For the first time in several decades, the tough talking developed nations are at their wits’ end. Their citizens have been grappling with the harsh realities of increasing food and gas prices, increased foreclosures, massive retrenchment and massive job cuts signposting an economic meltdown. For instance, the United States alone witnessed one of her worst months in unemployment related matters as provided by the Bureau of Labour Statistics, US Department of labour in http://www.bls.gov/news.release/empsit.nr0.htm
As this was happening, the stock market all over the world tumbled under the yoke of the economic downturn to an all time low. By the last week of October 2008, it was a gloomy picture across the globe. Writing for Associated Press on October 24 2008, Kennedy said “the U.S. dollar sank to a 13-year low against the Japanese currency, falling below 95 yen. Japan’s Nikkei 225 stock average slid 9.6 percent to 7,649, its first close below 8,000 since May 2003…… South Korea’s stock market fell sharply for a second day as figures showed the economy there was slowing. The Kospi dropped 10.6 percent to 938.75, falling below the 1,000 mark for the first time in more than three years…”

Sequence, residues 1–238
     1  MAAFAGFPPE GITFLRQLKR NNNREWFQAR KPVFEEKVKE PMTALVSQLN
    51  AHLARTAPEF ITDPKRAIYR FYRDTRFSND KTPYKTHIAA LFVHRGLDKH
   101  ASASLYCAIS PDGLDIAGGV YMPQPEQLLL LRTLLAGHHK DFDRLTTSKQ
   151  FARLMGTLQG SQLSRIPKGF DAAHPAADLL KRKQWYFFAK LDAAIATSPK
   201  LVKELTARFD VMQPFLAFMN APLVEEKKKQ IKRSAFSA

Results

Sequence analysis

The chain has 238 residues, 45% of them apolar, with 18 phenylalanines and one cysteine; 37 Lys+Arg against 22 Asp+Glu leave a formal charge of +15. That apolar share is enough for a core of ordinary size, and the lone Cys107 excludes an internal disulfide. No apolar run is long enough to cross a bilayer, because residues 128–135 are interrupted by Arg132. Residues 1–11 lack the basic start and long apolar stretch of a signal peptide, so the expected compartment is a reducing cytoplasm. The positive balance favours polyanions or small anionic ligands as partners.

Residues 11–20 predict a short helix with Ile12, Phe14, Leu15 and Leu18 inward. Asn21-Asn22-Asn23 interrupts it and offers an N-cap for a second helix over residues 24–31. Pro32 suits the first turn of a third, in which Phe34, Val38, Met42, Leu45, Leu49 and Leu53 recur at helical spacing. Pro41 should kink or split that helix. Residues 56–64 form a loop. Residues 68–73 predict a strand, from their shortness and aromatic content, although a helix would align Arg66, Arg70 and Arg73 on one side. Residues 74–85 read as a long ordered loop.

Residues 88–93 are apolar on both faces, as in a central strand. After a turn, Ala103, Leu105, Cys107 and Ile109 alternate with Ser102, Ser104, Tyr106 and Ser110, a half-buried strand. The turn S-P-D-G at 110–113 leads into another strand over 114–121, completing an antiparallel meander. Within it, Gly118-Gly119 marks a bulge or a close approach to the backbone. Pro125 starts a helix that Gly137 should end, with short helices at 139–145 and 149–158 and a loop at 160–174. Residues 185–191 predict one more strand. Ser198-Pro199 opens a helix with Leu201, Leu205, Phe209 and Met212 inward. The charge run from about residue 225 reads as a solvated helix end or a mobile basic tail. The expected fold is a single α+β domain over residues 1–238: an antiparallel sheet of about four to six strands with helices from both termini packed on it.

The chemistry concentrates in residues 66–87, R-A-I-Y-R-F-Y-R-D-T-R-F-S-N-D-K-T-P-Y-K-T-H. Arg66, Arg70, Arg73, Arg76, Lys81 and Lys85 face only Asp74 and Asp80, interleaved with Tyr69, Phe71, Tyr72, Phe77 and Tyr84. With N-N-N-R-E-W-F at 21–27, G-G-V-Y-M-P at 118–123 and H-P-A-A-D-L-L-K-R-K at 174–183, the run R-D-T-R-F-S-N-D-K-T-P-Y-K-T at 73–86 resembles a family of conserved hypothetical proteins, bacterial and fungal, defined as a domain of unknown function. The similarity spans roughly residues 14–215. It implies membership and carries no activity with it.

Reasons for the Economic Meltdown.
- Negative impacts of borderless markets (globalization).
- Criminal borrowing.
- Incompetent practices.
- Weak regulations.
- Lack of transparency.
- Unrestricted mortgage activities and lending to those with bad credit history.
- Decreased consumer spending as a result of massive job losses.
- Questionable greed.
- Break neck expansion craze.
- Stiff competition by corporate bodies.
- Lack of proactive strategy by the executive, legislature and the financial experts to deal with the symptoms at an earlier stage.
- Absolute freedom of the market economy.
Negative Impact (s).
- Closure of enterprises because of lack of access to borrowing from banks and high interest rates.
- Massive job losses and accentuated unemployment (In the aftermath of the South Asian crises in the 90s, job losses rose from 5,015 in 1996 to 38,217 in 1997).
- Erosion of the middle class.
- Decreased consumer spending.
- Decreased capacity utilization.
- Increased cost of available goods.
- Bad debts.
- Negative impact on our foreign reserve
It is vivid from the above that there is no hiding place for any of the world economies from the negative impacts of the economic meltdown.